Two Queens communities hardest hit by COVID-19 also suffered most restaurant job losses: report

New York State Comptroller Tom    DiNapoli speaks at Molloy College in February 2016.
State Comptroller Thomas DiNapoli in 2016. (FILE)

State Comptroller Thomas DiNapoli now has figures as to what exactly has been lost in the service industry both to the state as well as workers since the pandemic hit hard with a lockdown in March.

Not only did the state lose out on 71% of a potential $27 billion in taxable sales, but job losses in restaurants and bars came to about 55% of those working in the industry, according to a new report. As it stands, there were only about 91,000 jobs in food and beverage by the time the New York PAUSE orders came into full effect, which accounted for about one in every 12 private sector jobs, the comptroller said.

The majority of restaurant industry workers reside in Jackson Heights and Corona, Queens, according to the DiNapoli. These were communities that saw a high infection and mortality rate from COVID-19 during spring and summer months.

“New York City’s bars and restaurants are the lifeblood of our neighborhoods. The industry is challenging under the best of circumstances and many eateries operate on tight margins. Now they face an unprecedented upheaval that may cause many establishments to close forever,” DiNapoli said. “Restaurants reflect our diversity, employing tens of thousands of immigrants and providing a range of options fitting for a world-class metropolis. It’s important that the state and city continue to be creative and bolster the industry. The city’s decision to extend outdoor dining year-round to help keep restaurants afloat is a step in the right direction along with opening for indoor dining.”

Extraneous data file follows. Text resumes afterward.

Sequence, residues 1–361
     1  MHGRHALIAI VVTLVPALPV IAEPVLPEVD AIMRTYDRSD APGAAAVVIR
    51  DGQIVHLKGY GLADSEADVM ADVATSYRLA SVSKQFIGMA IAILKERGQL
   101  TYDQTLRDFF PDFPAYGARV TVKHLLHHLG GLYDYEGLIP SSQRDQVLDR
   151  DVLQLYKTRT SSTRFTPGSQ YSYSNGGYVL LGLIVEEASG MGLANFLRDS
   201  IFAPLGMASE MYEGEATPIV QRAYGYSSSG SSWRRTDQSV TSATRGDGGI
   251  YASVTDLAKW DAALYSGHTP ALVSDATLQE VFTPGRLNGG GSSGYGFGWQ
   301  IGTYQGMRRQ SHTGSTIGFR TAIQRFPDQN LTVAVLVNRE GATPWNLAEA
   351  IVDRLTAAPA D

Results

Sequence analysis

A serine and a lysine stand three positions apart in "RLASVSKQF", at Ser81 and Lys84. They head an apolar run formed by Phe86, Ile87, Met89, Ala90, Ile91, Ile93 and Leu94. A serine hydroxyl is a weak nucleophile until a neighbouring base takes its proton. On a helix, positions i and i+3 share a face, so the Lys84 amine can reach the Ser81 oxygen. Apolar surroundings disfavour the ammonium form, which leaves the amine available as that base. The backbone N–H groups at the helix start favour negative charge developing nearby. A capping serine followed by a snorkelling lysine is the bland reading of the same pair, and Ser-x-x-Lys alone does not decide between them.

The report highlights the need for a plan to reopen these businesses fully in order to get cash in the hands of workers in the service industry, 40% of whom are Hispanic and another 20% Asian and comes just one day after establishments were granted permission from the state to begin seating indoors at only 25% capacity, with staff required to check temperatures and take contact information from patrons for possible contact tracing purposes.

“Our local restaurants are the backbone of this community and without a viable re-opening plan, we risk losing so many jobs as well as the vibrant character of our neighborhood,” Assemblywoman Catalina Cruz, who represents these neighborhoods, said. “When COVID-19 emerged, our community was the first to be impacted and it continues to struggle to rebound from the financial impact of the shutdown. The state must do everything in its power to ensure our small businesses survive beyond the pandemic.”

As establishments prepared for 25% indoor dining on Tuesday, as well as the winter months when outdoor seating will be less in demand, many business owners are contending with the fact that the city’s infection rate has gone up a few points this week, and stands at about 1.5%.